Rebellion against injustice of course is also a hallmark of the struggle against apartheid in Palestine, a struggle that can be traced back to the first Zionist colony built 131 years ago and that took a giant leap forward by the 1948 founding of the racist state of Israel as a culmination and embodiment of this colonial venture, and the subsequent expansion of this state in 1967 to occupy the rest of Palestine.

Now 7 of the 11 million Palestinians in the world are refugees or displaced people. Palestinian refugees constitute one-third of all refugees worldwide, according to UN statistics. Yet, we are optimistic and we believe change is on the way.

Change is on the way

We are sustained in this positive attitude from our own history of multiple and largely successful uprisings (starting in 1881 and passing through 1920, 1929, 1936, 1972, 1987 and 2000). We are sustained by the sumud or steadfastness of our people who after decades of attempted ethnic cleansing still constitute half the population of Palestine (5.5 million Palestinians, 5.5 million Israeli Jews).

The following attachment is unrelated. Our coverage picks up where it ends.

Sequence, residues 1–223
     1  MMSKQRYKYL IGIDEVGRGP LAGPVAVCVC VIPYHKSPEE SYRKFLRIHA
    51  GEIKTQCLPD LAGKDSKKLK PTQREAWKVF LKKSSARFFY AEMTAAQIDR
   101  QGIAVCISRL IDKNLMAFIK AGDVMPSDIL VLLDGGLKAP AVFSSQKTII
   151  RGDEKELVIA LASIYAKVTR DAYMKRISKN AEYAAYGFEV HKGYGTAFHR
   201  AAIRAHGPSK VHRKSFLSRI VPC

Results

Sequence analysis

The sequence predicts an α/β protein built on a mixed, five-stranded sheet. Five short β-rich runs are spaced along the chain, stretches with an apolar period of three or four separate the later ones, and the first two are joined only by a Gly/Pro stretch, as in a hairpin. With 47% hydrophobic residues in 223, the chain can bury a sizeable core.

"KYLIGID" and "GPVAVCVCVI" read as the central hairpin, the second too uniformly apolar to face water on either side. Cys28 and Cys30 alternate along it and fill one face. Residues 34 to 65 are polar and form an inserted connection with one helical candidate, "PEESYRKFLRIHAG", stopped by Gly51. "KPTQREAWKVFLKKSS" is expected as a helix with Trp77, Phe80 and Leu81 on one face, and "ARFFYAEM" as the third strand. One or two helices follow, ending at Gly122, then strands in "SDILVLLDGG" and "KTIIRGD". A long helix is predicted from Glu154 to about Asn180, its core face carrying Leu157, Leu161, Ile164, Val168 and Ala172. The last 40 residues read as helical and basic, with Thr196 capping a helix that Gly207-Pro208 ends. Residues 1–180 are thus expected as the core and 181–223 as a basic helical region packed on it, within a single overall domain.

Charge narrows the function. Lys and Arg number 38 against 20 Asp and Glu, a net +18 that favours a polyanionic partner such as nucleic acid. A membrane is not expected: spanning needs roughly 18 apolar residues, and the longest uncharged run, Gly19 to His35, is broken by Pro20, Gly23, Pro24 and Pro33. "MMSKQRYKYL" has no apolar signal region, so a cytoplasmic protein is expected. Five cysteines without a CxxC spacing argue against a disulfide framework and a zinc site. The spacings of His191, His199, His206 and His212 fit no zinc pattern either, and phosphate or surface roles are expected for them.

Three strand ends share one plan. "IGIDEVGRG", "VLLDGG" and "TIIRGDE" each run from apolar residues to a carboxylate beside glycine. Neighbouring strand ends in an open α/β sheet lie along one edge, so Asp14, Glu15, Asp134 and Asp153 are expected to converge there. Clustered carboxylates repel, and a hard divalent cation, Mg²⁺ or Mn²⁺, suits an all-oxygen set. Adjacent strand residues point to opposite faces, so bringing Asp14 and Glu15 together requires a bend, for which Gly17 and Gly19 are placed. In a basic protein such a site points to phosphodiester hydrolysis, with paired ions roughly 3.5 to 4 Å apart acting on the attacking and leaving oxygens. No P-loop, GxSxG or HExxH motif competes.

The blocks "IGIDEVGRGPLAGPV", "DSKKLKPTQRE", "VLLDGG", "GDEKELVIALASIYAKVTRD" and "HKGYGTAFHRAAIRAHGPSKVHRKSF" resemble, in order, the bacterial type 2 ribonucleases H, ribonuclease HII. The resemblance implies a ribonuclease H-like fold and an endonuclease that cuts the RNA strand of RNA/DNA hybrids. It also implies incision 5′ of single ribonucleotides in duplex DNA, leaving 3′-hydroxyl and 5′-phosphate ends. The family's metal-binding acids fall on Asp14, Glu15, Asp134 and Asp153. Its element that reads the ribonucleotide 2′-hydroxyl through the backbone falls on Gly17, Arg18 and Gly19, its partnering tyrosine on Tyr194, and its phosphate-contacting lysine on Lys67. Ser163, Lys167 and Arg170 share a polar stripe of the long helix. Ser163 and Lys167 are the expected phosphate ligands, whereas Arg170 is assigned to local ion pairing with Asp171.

Sure, we are depressed about how the Oslo accords maimed the popular resistance. It was predictable, and as Israeli negotiator Dore Gold told The Jerusalem Post in 1995, the intention was the “creation of a new psychological reality in the West Bank. After initial celebrations, Palestinians will find themselves confined to a certain degree of cantonization.”

Yet, we look with pride at the new forms of resistance constantly innovated. The latest manifestation of this spirit of resistance are attempts, some successful, to return to our lands and homes — as happened on 15 May this year, during the Nakba Day march of return — and the Gaza Freedom Flotilla that aims to break the siege on Gaza. We are heartened by the growth of the boycott, divestment and sanctions movement.

We have individual and collective responsibility to change things by moral and determined ways. Dr. Martin Luther King Jr. stated: “He who passively accepts evil is as much involved in it as he who helps to perpetrate it. He who accepts evil without protesting against it is really cooperating with it.”